15/11/2013 11:14 GMT | Updated 23/01/2014 18:58 GMT

The 19th Aldeburgh Documentary Film Festival

I have spent this week up and down from London to Suffolk. If I tried to write down what happens in a typical day it seems mad: last night a Wake for a friend who died, then a morning spent labelling pots of quince jelly I hastily had to make after five days of power cuts, with the fruit blown down in last week's gale. Then a quick makeover in my bathroom (plenty of mascara) in order to be photographed for the Festival's fringe art project at the South Lookout on Aldeburgh Beach... my eyes will be blinking out larger than life on the side of the building where Laurens van der Post once sat and wrote looking out to sea.

It is only a couple of days now to the next Aldeburgh Documentary Festival which I have been curating for the last few years. It has always managed to attract great speakers and guests to our half-timbered cinema, which somehow continues as an independent and has never closed its doors since its beginnings nearly a hundred years ago. Someone wrote that we punch above our weight at this festival, and I have spent much of today trying to make sure we keep up the standard. Between the jam and the photos, I've sent emails winging across to Simon Schama in New York and to Olly Lambert in Turkey, where they are busy with their current projects before coming down to the seaside on the opening night, Friday 15 November.

Simon has called his opening night 'Breaking Bread with the Dead' - that means how to make history come alive for a contemporary audience - and I am happy that it is almost completely full, but there are still a few places for what will be a brilliant masterclass on Friday afternoon with Olly. He is going to speak about the 'Art of the Interview' - how to get people to open up and talk to you so you can get the story you need to make the film you hope for.

After his films My Child the Rioter and hist most recent one, Syria: Across the Lines (which won the Grierson Award for best current affairs documentary earlier this month), we are so fortunate to have him come and run a workshop for us on the Friday afternoon. Thirty lucky people will get to hear him in this intimate space! There will be more of him on Sunday, after a screening of Dirty Wars prior to its UK release (29 November), when he will be discussing the wisdom - or not- of intervening in other countries' conflicts with the writer of the film and other experts.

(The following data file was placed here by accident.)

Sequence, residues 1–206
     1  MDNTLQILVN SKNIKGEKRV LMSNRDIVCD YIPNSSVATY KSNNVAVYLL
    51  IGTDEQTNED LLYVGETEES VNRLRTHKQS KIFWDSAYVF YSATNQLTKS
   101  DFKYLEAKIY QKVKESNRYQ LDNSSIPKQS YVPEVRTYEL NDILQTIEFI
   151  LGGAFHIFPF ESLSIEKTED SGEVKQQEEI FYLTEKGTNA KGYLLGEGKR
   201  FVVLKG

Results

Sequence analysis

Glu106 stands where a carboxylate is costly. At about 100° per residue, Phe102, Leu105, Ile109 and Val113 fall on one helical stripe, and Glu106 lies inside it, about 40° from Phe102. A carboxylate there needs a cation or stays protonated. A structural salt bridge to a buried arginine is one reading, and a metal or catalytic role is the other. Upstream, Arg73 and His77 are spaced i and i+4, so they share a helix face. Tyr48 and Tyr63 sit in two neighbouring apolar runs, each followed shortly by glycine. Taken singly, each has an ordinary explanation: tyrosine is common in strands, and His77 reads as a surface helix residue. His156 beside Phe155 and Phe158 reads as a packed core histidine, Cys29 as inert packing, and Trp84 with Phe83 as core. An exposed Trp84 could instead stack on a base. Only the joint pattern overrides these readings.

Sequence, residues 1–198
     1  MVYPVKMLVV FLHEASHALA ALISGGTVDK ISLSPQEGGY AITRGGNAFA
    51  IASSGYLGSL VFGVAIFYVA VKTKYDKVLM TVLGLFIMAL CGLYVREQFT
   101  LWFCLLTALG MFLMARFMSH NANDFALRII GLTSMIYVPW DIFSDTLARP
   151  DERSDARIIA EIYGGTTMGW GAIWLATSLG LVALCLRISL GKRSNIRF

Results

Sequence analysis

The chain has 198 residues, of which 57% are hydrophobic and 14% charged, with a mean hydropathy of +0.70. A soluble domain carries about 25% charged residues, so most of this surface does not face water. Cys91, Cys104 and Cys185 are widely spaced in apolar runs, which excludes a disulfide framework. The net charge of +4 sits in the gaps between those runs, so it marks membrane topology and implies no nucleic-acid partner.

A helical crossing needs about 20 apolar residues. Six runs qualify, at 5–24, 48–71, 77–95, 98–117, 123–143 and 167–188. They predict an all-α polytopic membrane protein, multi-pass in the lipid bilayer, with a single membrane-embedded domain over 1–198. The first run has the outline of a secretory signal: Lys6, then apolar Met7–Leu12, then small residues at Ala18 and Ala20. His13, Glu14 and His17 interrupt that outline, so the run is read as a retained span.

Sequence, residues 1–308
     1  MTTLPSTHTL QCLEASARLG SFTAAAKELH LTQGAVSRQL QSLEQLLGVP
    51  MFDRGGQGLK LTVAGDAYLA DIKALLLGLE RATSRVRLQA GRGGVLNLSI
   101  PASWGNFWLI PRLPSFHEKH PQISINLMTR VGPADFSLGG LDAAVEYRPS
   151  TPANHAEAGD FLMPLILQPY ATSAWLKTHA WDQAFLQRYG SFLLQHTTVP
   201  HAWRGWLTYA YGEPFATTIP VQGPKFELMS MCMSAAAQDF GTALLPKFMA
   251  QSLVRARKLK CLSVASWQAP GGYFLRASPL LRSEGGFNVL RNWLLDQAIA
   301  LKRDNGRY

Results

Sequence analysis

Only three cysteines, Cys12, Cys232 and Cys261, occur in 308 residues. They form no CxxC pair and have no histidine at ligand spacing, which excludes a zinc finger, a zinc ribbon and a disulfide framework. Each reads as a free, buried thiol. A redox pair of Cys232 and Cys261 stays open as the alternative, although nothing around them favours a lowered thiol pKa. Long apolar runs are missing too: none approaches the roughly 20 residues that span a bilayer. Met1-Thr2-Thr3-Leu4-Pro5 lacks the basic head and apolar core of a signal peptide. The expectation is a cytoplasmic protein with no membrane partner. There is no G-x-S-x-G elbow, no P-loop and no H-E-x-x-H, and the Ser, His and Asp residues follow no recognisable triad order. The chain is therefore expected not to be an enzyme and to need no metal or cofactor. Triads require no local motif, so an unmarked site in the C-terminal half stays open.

Olly's Grierson award was presented to him by Nick Fraser who has been running BBC's Storyville programme since the 80s, and in Aldeburgh I plan to take full advantage of Nick. He unwisely said he would do whatever I wanted, so he has taken on the challenge of interrogating Simon Schama before being questioned himself by Mary Ann Sieghart about one of the out- standing films from his own strand, Rafea: Solar Mama. It tells the story of a Bedouin woman in Jordan, who leaves her four young daughters with their flaky father to go to a barefoot college in India which trains up older women as Solar Engineers in order literally to bring power back to their rural communities.

Her uncomprehending husband does his best to break her. The group of women studying alongside her are from the Masai, Burkino Faso and Columbia. They have no common language but bond through their shared passion to learn a skill and take it home. It is the kind of story that makes me love the documentary form - better than anything you could make up - I find working with this amazing material is a perfect complement to my regular job on the other side of the factual divide, in films and drama. On Sunday afternoon I will be in the chair, asking Nick in another masterclass session 'Why Documentaries Matter?', and how it is that people will sometimes now fill cinemas to see a true story - think of Senna, or Searching for Sugarman. Nick is eloquent on the subject and will bring our festival to a fitting end.

But there's more - a celebration of the hugely distinguished Norma Percy - the woman who gets presidents and PMs from Milosevic to Gorbachov, from Jimmy Carter to Tony Blair, to tell her what REALLY happened behind the closed doors of government - we ask her how she does it.

And on Saturday morning we have a film that questions how we live in cities and whether we should stop the drift from the countryside, with some truly distinguished experts to talk about it. I am so pleased with what we will be packing in to three days, and there'll still be time for fish and chips on the beach and the odd cocktail. We are already planning for our 20th anniversary festival next year... watch this space!